The New Yorker Staats-Zeitung, nicknamed "The Staats", claims to be the leading German-language weekly newspaper in the United States and is one of the oldest, having been published since the mid-1830s. In the late 19th century, it was one of New York City's major daily newspapers, exceeded in circulation only by the New York World and the New-York Tribune. Among other achievements, as of its sesquicentennial anniversary in 1984 it had never missed a publication date, thereby laying claim to the title of being continuously published longer than any other newspaper in America.
The Allgemeine Zeitung founded in 1916, is the oldest daily newspaper in Namibia and the only German-language daily in Africa.
Illinois Staats-Zeitung was one of the most well known German-language newspapers of the United States published in Chicago, Illinois from 1848 until 1922. Along with the Westliche Post and Anzeiger des Westens, both of St. Louis, it was one of the three most successful German-language newspapers in the United States Midwest, and described as "the leading Republican paper of the Northwest," alongside the Chicago Tribune.
The Allgemeine musikalische Zeitung was a German-language periodical published in the 19th century. Comini (2008) has called it "the foremost German-language musical periodical of its time". It reviewed musical events taking place in many countries, focusing on the German-speaking nations, but also covering France, Italy, Russia, Britain, and even occasionally America.
Hans Dichand was an Austrian journalist, writer, and media businessman. He published the tabloid newspaper Kronen Zeitung, Austria's largest newspaper in terms of readership, in which at the time of his death he held a 50% stake. As the publisher and majority owner of this newspaper Dichand became a highly significant political power factor during recent decades. Although this influence is direct only in Austria, it indirectly affects the European Union through the behavior of the Austrian government, which cannot afford to ignore the Kronen Zeitung.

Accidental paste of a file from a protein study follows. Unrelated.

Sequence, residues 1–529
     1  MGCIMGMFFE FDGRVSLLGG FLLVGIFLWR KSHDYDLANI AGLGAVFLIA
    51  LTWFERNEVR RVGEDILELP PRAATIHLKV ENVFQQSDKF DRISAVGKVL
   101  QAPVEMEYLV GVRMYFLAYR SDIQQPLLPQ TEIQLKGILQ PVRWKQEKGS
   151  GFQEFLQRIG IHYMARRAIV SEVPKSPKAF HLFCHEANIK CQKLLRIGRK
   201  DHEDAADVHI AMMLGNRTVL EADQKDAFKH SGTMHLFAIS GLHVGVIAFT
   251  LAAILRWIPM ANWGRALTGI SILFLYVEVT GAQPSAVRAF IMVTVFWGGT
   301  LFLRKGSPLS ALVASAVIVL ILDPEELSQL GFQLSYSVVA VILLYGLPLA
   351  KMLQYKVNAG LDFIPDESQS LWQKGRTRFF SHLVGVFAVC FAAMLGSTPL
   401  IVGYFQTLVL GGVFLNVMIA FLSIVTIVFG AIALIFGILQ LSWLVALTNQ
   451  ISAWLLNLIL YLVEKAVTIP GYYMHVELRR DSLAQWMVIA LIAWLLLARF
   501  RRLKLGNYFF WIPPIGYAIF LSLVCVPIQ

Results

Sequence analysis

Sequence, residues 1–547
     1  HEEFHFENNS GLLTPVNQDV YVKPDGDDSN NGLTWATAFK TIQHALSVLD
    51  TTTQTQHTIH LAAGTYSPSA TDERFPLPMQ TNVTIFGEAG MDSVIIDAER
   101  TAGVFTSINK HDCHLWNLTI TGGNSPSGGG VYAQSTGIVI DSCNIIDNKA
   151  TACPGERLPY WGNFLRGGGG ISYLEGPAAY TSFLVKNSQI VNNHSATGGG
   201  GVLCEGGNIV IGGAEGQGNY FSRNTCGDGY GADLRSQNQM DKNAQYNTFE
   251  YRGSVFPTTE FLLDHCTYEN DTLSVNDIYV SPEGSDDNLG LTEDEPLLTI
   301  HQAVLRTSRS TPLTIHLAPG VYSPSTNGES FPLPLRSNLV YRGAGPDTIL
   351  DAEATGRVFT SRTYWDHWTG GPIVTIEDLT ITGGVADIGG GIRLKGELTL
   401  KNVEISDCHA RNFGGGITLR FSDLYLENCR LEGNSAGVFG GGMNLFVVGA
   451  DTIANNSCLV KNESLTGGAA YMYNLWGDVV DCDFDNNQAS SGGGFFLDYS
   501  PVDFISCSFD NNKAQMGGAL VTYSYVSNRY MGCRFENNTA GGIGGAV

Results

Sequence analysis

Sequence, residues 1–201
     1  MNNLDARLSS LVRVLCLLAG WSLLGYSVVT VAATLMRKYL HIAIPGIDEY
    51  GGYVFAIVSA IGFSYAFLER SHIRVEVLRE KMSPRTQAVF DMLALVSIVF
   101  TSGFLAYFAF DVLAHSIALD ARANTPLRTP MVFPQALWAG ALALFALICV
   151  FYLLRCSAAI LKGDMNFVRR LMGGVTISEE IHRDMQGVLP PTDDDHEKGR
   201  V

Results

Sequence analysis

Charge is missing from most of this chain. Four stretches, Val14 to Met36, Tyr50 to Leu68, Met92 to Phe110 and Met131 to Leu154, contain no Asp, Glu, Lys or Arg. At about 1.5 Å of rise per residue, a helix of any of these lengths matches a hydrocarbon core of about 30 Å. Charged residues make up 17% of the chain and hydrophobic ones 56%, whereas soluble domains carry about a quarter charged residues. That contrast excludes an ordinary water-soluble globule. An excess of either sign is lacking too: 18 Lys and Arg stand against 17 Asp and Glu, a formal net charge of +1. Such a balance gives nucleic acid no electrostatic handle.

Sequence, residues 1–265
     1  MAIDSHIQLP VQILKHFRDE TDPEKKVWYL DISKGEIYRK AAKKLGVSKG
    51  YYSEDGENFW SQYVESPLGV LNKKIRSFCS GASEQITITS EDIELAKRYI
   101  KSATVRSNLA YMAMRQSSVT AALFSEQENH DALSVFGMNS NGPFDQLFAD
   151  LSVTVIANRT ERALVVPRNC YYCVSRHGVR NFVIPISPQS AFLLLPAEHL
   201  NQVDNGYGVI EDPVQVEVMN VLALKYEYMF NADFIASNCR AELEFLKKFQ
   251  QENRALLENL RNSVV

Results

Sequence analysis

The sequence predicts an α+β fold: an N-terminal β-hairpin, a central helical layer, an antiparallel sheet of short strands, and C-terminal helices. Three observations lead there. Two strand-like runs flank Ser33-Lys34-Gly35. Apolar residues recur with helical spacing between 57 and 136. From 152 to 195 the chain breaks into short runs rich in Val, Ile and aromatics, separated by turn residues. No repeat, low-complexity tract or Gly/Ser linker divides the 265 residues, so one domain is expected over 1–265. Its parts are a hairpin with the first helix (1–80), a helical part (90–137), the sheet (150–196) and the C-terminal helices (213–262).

The Deutsche Journalistenschule e.V. is a journalism school in Germany. At the time of its establishment, it was the country's first German journalism school. Today, ut is considered one of the best schools for journalism in Germany.
The Süddeutsche Zeitung[ˈzyːtˌdɔʏtʃə ˈtsaɪtʊŋ], published in Munich, Bavaria, is one of the largest daily newspapers in Germany.
Hermann-Josef Tenhagen is the Editor-in-Chief of Finanztest, the German monthly magazine dealing with financial issues published by Stiftung Warentest, the German consumer organisation.
The New Braunfels Herald-Zeitung is a newspaper based in New Braunfels, Texas, covering the Comal County area of Central Texas. It publishes six days a week. It is owned by Southern Newspapers.
Max Rudolf Kaufmann, was a Swiss author, translator from Turkish, and journalist, who worked and published in Switzerland, Turkey, the United States and Germany.
Zürichsee-Zeitung, commonly shortened to ZSZ, is a Swiss German-language daily newspaper, published in Stäfa.
The Kölnische Rundschau is a regional, independent daily newspaper for the Cologne/Bonn area. It is edited by Cologne Heinen-Verlag, which has its own independent local editorial office. The production of the national section was taken over by the Bonn General-Anzeiger during the first quarter of 2010. In the first quarter of 2018, the joint edition with the Kölner Stadt-Anzeiger sold 251,994 copies, a loss of 40% since 1999.
Badische Neueste Nachrichten, also known as BNN, is the only printed regional newspaper in the city and district of Karlsruhe. It also appears with local editions in the Rastatt district, Baden-Baden, in the Ortenaukreis, Pforzheim and in the Enzkreis. The paid circulation amounts to 112,419 copies, a reduction of 30.7 percent since 1998. Ninety editors work in the head and local editorial offices of the newspaper.